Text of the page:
The early-onset Parkinson disease (EOPD) pedigree with the compound heterozygous mutations of the parkin gene (PRKN) (T240M and EX 5_6 del). The sex of some family members has been masked for confidentiality reasons. Years indicate present age. D indicates the allele for the EX 5_6 del mutation; M, the allele for the T240M mutation; W, wild-type allele; arrow, the proband; circles, women; filled symbols, individuals manifesting PD; and squares, men.

Graphic Jump Location

Tables

Table Graphic Jump LocationTable 2. Clinical Characteristics of Patients With PRKN Mutations

References

Deng  HLe  WDXie  WJPan  THZhang  XJankovic  J Genetic analysis of parkin co-regulated gene (PACRG) in patients with early-onset parkinsonism. Neurosci Lett 2005;382297- 299
PubMed Link to Article
Polymeropoulos  MHLavedan  CLeroy  E  et al.  Mutation in the α-synuclein gene identified in families with Parkinson's disease. Science 1997;2762045- 2047
PubMed Link to Article
Kitada  TAsakawa  SHattori  N  et al.  Mutations in the parkin gene cause autosomal recessive juvenile parkinsonism. Nature 1998;392605- 608
PubMed Link to Article
Bonifati  VRizzu  Pvan Baren  MJ  et al.  Mutations in the DJ-1 gene associated with autosomal recessive early-onset parkinsonism. Science 2003;299256- 259
PubMed Link to Article
Valente  EMAbou-Sleiman  PMCaputo  V  et al.  Hereditary early-onset Parkinson's disease caused by mutations in PINK1. Science 2004;3041158- 1160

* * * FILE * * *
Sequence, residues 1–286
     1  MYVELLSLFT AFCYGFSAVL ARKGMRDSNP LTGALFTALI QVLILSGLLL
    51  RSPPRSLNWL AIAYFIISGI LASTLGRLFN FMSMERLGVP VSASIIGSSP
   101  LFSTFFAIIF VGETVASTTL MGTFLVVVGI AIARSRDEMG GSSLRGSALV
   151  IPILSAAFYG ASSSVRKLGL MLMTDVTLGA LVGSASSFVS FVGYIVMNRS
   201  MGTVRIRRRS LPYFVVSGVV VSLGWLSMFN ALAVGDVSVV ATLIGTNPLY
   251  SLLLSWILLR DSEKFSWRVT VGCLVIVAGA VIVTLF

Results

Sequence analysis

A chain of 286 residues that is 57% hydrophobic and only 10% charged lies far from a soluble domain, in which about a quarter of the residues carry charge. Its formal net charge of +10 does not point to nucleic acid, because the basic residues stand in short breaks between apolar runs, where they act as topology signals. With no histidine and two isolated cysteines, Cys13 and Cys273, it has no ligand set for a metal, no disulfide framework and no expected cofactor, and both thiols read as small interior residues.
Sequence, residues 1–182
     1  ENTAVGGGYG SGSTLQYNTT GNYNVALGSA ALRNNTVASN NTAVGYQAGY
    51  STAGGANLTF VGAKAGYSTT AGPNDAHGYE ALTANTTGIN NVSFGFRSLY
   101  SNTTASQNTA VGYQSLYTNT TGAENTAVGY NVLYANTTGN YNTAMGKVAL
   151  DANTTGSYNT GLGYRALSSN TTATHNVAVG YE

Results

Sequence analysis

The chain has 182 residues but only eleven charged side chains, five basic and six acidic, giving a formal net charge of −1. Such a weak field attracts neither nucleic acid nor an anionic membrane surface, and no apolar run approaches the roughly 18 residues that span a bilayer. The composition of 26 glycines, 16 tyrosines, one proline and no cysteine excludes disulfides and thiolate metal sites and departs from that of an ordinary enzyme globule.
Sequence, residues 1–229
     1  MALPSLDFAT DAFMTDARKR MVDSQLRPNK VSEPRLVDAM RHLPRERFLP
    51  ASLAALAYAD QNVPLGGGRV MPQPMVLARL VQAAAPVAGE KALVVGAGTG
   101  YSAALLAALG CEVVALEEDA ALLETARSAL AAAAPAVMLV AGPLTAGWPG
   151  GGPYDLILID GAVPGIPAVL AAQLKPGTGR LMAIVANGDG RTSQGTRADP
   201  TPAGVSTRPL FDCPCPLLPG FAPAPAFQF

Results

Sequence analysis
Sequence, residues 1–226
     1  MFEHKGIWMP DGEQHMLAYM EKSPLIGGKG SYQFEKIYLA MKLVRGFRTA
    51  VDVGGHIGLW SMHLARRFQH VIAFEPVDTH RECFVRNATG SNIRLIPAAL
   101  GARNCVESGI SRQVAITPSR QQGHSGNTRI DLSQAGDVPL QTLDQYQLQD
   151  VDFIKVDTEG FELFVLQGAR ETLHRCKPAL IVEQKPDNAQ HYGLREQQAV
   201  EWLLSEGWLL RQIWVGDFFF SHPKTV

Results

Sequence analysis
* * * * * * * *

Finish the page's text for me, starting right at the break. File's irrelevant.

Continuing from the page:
PubMed Link to Article
Di Fonzo  ARohe  CFFerreira  J  et al.  A frequent LRRK2 gene mutation associated with autosomal dominant Parkinson's disease. Lancet 2005;365412- 415
PubMed Link to Article
Deng  HLe  WDGuo  YIHunter  CBXie  WJJankovic  J Genetic and clinical identification of Parkinson's disease patients with LRRK2 G2019S mutation. Ann Neurol 2005;57933- 934
PubMed Link to Article
Lucking  CBDurr  ABonifati  V  et al. French Parkinson's Disease Genetics Study Group, Association between early-onset Parkinson's disease and mutations in the parkin gene. N Engl J Med 2000;3421560- 1567
PubMed Link to Article
Gelb  DJOliver  EGilman  S Diagnostic criteria for Parkinson's disease. Arch Neurol 1999;5633- 39
PubMed Link to Article
Tenan  MBenedetti  SFinocchiaro  G Deletion and transfection analysis of the p15/MTS2 gene in malignant gliomas. Biochem Biophys Res Commun 1995;217195- 202
PubMed Link to Article
Hedrich  KKann  MLanthaler  AJ  et al.  The importance of gene dosage studies: mutational analysis of the parkin gene in early-onset parkinsonism. Hum Mol Genet 2001;101649- 1656
PubMed Link to Article
Livak  KJSchmittgen  TD Analysis of relative gene expression data using real-time quantitative PCR and the 2(−ΔΔC(T)) method. Methods 2001;25402- 408